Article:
Government worried about declining rates of flu vaccinations

Stock image.
Stock image.

THE State Government is concerned about the declining number of seniors who are choosing to be vaccinated against the flu.

New data from the Department of Health has shown the uptake of the flu vaccine has declined, despite the risk remaining high.

In 2016, there were 7,937 confirmed influenza cases in Western Australia, of which 20 per cent (1,580) of sufferers needed hospitalisation.

The 65 years and over demographic, which represents 12.3 per cent of the Western Australian population, accounted for 22.5 per cent of total flu cases (1,788).

Of this group, 23 per cent (722) required hospitalisation.

Despite this, only 56 per cent of people in this demographic received the vaccine – down from 64.2 per cent in 2014.

There is a also a trend of decreased vaccination rates in young children.

A study led by Princess Margaret Hospital infectious diseases specialist Christopher Blyth found the vaccination rate for the under-five age group had fallen from about 42 per cent in 2008-09 to just seven per cent in 2010-14.

The influenza vaccine is available free for at-risk groups including young children, Aboriginal and Torres Strait Islander, pregnant women, people aged 65 years and above, and those with chronic medical conditions.

People not eligible for the free vaccine can get it through their GP or a participating chemist for a small cost.

Health Minister Roger Cook said now was the time to organise a vaccination.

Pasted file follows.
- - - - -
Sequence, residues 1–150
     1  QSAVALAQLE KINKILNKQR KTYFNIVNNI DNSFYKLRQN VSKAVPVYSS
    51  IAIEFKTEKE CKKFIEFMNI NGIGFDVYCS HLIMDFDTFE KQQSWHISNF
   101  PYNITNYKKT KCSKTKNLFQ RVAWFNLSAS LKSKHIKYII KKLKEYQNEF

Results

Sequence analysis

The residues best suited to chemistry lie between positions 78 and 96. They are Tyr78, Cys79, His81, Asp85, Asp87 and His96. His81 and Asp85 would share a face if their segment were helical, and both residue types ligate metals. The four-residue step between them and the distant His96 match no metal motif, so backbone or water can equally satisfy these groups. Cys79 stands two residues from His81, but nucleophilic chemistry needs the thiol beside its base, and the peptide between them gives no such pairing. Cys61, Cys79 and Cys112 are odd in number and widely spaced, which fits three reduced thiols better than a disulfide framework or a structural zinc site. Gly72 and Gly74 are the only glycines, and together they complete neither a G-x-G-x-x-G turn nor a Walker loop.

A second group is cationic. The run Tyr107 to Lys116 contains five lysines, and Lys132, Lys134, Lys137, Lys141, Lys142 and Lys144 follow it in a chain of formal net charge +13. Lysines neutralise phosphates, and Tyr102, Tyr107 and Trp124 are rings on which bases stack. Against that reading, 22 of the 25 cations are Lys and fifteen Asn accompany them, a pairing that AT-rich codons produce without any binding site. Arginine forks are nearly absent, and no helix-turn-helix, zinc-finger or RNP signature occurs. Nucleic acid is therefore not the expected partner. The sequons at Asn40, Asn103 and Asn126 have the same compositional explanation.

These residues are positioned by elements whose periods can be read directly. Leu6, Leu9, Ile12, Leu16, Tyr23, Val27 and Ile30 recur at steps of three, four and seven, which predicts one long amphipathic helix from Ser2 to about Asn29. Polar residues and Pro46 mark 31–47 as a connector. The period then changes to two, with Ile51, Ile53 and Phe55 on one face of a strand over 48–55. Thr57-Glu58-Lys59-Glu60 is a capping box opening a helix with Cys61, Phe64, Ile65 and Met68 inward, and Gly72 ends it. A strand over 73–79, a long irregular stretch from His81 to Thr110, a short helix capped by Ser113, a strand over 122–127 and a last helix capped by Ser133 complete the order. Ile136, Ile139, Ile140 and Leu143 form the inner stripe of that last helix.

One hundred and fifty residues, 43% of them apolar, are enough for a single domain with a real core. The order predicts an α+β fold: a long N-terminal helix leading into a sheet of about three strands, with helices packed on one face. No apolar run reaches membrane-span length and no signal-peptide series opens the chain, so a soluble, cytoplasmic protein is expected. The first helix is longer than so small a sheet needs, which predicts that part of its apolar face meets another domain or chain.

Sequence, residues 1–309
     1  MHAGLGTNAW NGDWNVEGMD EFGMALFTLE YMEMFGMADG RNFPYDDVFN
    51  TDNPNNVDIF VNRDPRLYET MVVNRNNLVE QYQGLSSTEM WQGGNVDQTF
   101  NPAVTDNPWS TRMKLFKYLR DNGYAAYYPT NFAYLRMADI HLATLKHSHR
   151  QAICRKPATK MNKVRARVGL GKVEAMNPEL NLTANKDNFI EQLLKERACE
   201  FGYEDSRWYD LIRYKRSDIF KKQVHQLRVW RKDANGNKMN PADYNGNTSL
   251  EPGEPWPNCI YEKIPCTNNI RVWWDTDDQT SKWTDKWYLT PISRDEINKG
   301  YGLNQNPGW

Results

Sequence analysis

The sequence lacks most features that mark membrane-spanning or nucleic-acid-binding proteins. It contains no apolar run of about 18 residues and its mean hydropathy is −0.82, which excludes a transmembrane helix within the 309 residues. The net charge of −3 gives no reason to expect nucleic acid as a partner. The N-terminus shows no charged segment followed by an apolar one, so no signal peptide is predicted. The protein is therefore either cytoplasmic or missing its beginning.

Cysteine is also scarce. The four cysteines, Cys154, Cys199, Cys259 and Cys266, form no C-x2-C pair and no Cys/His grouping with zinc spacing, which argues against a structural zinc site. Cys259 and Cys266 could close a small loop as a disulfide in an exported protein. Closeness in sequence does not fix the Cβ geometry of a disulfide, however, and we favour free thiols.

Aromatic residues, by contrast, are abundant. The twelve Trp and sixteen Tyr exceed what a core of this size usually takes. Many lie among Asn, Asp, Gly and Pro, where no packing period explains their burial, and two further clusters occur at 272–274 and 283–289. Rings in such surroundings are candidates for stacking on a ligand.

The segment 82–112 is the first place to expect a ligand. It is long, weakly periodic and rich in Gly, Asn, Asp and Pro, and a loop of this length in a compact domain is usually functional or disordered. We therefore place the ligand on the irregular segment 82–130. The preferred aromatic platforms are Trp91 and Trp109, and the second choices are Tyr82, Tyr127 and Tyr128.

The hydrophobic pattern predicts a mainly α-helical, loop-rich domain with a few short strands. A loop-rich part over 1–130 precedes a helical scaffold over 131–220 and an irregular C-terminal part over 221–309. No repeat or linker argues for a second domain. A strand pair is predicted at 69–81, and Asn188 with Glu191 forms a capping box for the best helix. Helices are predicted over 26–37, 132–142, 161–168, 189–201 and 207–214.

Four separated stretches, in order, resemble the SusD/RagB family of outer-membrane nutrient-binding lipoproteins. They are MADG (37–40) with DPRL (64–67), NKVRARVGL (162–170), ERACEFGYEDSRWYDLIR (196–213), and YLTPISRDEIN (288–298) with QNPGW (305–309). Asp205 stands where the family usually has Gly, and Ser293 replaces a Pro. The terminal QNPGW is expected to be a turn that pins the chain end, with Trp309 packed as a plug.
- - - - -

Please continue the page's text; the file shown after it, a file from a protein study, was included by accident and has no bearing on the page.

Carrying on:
“Influenza is a highly contagious disease and in severe cases can result in complications such as bronchitis, pneumonia and acute respiratory disease and can lead to hospitalisation or even death,” Mr Cook said.

“The decline in the number of people getting the influenza vaccine is a startling trend that is unnecessarily jeopardising peoples’ health.

“It is important people get vaccinated against the flu every year, as last year’s vaccine may not protect them from this year’s viruses and protection may wane after three to four months.

“Now is the best time to be vaccinated to ensure maximum protection for the peak flu season in August and September.

“Each year our hospital Emergency Departments are put under extra pressure during the peak flu season, due to patients presenting with flu and flu-like symptoms.

“With the onset of colder weather, we will see an increase in the number of flu cases.

“People can reduce their risk of contracting the flu by getting the flu vaccine now.”

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